Chemistry matters. Join us to get the news you need.

If you have an ACS member number, please enter it here so we can link this account to your membership. (optional)

ACS values your privacy. By submitting your information, you are gaining access to C&EN and subscribing to our weekly newsletter. We use the information you provide to make your reading experience better, and we will never sell your data to third party members.



Laurance A. Knecht

by Susan J. Ainsworth
September 21, 2009 | APPEARED IN VOLUME 87, ISSUE 38

Laurance A. Knecht, 77, a professor of chemistry and an analytical chemist, died in Chapel Hill, N.C., on May 23.

Born in Elgin, Ill., Knecht received a B.S. in chemistry from the University of Illinois, Urbana-Champaign, in 1954. He then earned a Ph.D. in chemistry in 1959 at the University of Minnesota under I. M. Kolthoff.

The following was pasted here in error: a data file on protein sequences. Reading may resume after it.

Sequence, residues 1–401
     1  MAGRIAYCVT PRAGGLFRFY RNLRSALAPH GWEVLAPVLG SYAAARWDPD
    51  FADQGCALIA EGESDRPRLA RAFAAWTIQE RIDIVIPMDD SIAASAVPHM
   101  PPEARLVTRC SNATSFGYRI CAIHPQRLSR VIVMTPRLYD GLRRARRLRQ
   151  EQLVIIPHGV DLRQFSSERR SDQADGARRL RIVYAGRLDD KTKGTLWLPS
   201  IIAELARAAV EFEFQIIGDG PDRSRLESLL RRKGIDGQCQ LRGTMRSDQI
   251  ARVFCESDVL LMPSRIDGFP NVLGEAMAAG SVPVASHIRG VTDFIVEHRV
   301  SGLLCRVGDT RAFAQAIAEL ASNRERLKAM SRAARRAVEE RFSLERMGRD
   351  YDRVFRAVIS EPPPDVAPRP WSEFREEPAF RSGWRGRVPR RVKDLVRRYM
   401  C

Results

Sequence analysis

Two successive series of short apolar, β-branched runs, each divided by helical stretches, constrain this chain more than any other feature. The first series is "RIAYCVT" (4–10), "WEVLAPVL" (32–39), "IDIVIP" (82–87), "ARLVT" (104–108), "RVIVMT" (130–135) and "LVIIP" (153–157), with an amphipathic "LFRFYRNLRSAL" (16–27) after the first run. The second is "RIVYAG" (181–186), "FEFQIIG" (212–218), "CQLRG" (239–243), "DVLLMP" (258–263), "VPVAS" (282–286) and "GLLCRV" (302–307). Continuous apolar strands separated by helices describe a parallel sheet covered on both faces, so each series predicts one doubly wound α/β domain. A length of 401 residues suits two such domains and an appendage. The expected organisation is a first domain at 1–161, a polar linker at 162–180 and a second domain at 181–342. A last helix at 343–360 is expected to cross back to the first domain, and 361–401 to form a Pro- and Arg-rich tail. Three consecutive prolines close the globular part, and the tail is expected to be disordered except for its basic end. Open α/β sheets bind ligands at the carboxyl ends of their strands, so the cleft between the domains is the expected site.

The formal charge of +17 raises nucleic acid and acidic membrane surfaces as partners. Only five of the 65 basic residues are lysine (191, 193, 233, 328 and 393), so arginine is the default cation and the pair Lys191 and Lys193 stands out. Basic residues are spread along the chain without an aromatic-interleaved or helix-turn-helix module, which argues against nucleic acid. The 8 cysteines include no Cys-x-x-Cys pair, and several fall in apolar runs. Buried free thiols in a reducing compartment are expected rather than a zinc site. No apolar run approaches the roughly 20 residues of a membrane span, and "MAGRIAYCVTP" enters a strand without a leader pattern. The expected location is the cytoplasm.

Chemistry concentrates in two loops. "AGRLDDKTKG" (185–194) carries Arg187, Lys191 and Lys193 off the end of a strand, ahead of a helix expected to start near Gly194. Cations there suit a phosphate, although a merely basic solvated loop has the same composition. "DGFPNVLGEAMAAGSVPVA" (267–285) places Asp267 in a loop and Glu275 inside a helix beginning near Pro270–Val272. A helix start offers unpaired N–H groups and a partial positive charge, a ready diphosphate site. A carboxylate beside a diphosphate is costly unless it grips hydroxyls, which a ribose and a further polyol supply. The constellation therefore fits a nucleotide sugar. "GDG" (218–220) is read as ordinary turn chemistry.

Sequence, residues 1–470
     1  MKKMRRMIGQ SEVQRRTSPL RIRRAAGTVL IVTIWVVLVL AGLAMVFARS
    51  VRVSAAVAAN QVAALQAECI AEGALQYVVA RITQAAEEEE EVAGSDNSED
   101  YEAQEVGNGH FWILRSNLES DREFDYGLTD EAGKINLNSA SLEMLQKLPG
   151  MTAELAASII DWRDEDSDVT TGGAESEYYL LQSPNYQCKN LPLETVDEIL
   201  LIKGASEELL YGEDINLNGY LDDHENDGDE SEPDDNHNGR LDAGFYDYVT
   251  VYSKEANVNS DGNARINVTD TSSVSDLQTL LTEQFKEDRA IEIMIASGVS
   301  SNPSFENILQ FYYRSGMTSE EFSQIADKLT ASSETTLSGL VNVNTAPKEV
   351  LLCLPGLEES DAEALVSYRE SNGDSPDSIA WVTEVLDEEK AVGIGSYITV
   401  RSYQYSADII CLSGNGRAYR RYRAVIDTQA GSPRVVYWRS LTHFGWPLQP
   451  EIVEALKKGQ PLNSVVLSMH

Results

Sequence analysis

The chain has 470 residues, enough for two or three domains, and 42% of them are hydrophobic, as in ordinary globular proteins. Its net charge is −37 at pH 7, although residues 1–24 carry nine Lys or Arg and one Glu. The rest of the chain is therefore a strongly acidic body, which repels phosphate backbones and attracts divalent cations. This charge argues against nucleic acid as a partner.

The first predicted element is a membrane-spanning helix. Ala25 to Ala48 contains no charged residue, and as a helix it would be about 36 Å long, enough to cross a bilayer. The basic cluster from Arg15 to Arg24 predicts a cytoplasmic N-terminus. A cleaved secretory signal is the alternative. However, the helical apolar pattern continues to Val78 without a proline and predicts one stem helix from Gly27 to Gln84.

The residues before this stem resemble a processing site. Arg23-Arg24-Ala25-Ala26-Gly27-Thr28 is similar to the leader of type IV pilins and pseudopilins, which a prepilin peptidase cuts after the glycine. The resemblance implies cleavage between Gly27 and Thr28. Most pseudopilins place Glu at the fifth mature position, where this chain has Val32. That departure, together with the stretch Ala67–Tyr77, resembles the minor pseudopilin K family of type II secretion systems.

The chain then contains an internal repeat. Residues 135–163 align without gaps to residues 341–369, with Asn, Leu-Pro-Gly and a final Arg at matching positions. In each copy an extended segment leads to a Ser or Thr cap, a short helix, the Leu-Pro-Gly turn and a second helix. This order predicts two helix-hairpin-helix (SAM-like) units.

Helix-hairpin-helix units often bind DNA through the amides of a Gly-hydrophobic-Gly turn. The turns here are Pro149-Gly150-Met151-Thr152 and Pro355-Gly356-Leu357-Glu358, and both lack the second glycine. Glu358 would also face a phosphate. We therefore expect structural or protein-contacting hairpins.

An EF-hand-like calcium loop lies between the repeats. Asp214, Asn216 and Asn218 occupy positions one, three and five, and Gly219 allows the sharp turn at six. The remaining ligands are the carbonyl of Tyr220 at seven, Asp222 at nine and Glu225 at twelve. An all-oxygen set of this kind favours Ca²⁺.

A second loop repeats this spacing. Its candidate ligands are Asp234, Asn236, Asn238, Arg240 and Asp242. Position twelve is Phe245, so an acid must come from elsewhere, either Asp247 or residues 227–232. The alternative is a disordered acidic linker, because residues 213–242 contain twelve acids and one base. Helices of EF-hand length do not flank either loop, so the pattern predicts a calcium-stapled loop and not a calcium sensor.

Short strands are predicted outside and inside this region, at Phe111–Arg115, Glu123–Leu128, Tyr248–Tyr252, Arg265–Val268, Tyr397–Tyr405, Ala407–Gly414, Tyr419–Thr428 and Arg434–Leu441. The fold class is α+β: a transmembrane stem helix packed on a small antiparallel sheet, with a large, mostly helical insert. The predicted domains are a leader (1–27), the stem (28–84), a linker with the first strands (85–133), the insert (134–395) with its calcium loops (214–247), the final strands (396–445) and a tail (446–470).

In 1960, he served briefly in the Air Force, performing chemical analysis in Japan, before taking a teaching position in chemistry at Iowa State University. In 1963, Knecht moved to the University of Cincinnati, and in 1969, he went to Marietta College, in Ohio. There, he taught as a full professor for more than a decade.

While on sabbatical from 1982 to 1984 at the University of North Carolina, Chapel Hill, he joined James Jorgenson’s group and helped develop a microelectrode electrochemical detector for use in capillary liquid chromatography. This research resulted in several publications.

Knecht joined the faculty at the North Carolina School of Science & Mathematics, in Durham, N.C., a two-year, public residential high school, in 1985. He retired in 1996. He was an emeritus member of ACS, joining in 1954.

He was predeceased by his wife of 40 years, Doris, and is survived by his daughter, Anne.

Susan J. Ainsworth writes obituaries. Obituary notices may be sent to and should include a detailed educational and professional history.



This article has been sent to the following recipient:

Leave A Comment

*Required to comment